Tuesday, September 05, 2017

Sermon for Sunday, September 3, 2017 Exodus 3:1-15 Holy Ground

They came to the communion rail barefoot. One woman, wrapped in a yellow sari with gold embroidery. A man with gray hair wearing a white kurta – that ubiquitous tunic shirt that men of the Indian subcontinent all wear. Two teenagers with painted toenails, giggling a bit. A young mother juggling her baby on her hip – how do those saris stay wrapped when your baby is trying to wriggle out of your arms? There were others in the congregation, Americans, Canadians, Scots, Brits, a few who had lived in so many places that it was unclear where they would claim as home. Those others hesitated a bit if they were new, wondering if in this church in this place, they too were expected to take off their shoes to receive the Body and Blood of Christ.

But the old hands here knew the tradition. These Christians who were a part of the Church of South India, Christians whose tradition said that they were actually evangelized by St. Thomas the Apostle in 52 AD, understood that this school gym where we expats attended our weekly service was holy ground. And so they removed their shoes before coming to the rail, an echo of the story from the Old Testament this morning where God instructs Moses to remove his sandals.

Now when we have heard this story, we have usually concluded that God is commanding Moses not to bring his dirty sandals onto sacred ground. But those of you who have walked on hot dirty ground know that while the sandals you wear may have dirt on them, your feet aren’t exactly gardens of roses either. Sweaty, smelly, dirty, dusty. So maybe it isn’t about the shoes, per se. But what else could it be?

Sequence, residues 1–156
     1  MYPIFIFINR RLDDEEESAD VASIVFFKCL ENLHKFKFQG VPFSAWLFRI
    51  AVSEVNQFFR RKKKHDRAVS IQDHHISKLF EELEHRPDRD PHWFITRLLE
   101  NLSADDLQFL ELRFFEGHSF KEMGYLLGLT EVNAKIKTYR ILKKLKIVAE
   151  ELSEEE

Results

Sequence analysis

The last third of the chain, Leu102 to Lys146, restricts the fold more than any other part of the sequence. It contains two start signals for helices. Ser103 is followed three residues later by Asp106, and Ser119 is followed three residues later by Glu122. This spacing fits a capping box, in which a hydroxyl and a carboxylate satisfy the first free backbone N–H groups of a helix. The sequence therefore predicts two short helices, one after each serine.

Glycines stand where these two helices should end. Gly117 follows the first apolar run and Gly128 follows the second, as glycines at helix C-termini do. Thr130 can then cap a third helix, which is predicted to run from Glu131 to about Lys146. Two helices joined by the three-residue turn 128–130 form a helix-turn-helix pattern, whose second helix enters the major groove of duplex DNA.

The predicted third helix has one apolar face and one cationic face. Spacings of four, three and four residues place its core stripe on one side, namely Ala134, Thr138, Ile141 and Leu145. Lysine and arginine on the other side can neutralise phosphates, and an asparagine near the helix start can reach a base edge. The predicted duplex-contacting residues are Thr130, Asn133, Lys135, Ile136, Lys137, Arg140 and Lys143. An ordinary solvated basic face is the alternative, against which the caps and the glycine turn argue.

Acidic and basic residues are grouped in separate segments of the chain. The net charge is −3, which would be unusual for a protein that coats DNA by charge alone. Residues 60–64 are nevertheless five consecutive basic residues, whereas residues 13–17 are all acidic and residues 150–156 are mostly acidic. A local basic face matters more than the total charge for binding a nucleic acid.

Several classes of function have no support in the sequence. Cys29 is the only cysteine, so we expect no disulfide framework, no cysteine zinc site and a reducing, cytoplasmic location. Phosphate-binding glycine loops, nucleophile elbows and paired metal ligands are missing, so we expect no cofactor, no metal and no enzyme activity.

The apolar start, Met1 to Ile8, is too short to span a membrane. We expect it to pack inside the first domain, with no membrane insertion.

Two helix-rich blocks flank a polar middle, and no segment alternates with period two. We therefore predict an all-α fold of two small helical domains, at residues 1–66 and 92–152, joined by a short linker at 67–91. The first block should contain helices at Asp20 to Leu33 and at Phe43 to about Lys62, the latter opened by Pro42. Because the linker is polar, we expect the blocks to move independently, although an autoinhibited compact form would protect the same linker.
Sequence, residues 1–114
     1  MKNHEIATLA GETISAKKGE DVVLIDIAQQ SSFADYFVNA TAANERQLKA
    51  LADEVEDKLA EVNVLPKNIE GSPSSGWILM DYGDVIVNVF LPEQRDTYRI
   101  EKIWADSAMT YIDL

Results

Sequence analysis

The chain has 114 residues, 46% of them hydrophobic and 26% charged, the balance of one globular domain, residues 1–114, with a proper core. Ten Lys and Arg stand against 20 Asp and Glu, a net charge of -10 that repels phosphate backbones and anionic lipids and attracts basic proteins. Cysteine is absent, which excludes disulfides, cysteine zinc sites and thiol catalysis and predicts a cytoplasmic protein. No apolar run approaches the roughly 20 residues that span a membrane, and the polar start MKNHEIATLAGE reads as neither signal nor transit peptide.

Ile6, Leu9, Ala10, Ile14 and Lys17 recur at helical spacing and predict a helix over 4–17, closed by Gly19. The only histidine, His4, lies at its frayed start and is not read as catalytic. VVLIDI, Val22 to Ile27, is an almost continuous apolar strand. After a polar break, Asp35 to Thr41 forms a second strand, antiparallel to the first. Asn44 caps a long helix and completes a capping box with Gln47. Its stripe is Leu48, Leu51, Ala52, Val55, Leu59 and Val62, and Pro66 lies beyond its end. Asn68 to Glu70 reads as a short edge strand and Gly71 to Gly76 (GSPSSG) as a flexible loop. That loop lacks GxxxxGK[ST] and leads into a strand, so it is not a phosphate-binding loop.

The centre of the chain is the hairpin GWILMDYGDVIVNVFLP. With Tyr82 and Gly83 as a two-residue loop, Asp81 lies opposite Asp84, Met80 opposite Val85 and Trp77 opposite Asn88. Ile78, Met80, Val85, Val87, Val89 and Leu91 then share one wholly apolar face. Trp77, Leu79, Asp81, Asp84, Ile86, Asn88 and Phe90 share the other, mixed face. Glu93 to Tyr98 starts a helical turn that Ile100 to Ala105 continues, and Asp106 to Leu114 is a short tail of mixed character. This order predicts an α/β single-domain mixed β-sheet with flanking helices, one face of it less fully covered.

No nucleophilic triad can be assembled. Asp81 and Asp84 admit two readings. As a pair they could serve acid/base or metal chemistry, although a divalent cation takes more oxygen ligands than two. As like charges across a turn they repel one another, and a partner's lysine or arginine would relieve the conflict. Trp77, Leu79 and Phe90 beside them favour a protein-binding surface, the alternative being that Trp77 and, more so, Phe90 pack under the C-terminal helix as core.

Anybody here ever participate in a foot-washing ceremony on Maundy Thursday? Some of you, yes. Is there anything that can make you feel more shy than showing your feet to a stranger who will actually bathe your feet? Our feet are not really the prettiest part of our body. As I get older, my feet look more and more wretched, and I’m shy about them. Did you know that nail salons do record business on Maundy Thursday with all those who want their feet to look nice for the foot-washing? We are shy about being barefoot, where everyone can see our bunions and hammertoes and that toe where the nail fell off after we ran the marathon, and the rough skin. When our feet are exposed, we feel vulnerable. Part of that vulnerability is the look of them, part of it is the fact that if we step on the wrong thing, they’ll hurt. Any parent who has stepped barefoot on a Lego in the idle of the night can attest to that. Vulnerable, open, showing a part of ourselves that we may not necessarily be comfortable showing. Taking away the pretense that we are in control…because in our hearts we know we are not.

I wonder if what God was doing when he had that conversation with Moses and told him to take his sandals off was to deliberately put him into a place of vulnerability. After all, taking off foot protection in a part of the world where the sand can be 120 degrees and where there are scorpions…that’s a risk, right? Is he willing to engage in a conversation with God while his feet are so vulnerable? Is he willing to engage in a conversation with God while his heart is so vulnerable? Perhaps God wants him to stop wearing a mask of a simple shepherd married to a Midianite woman and live in to who he truly is.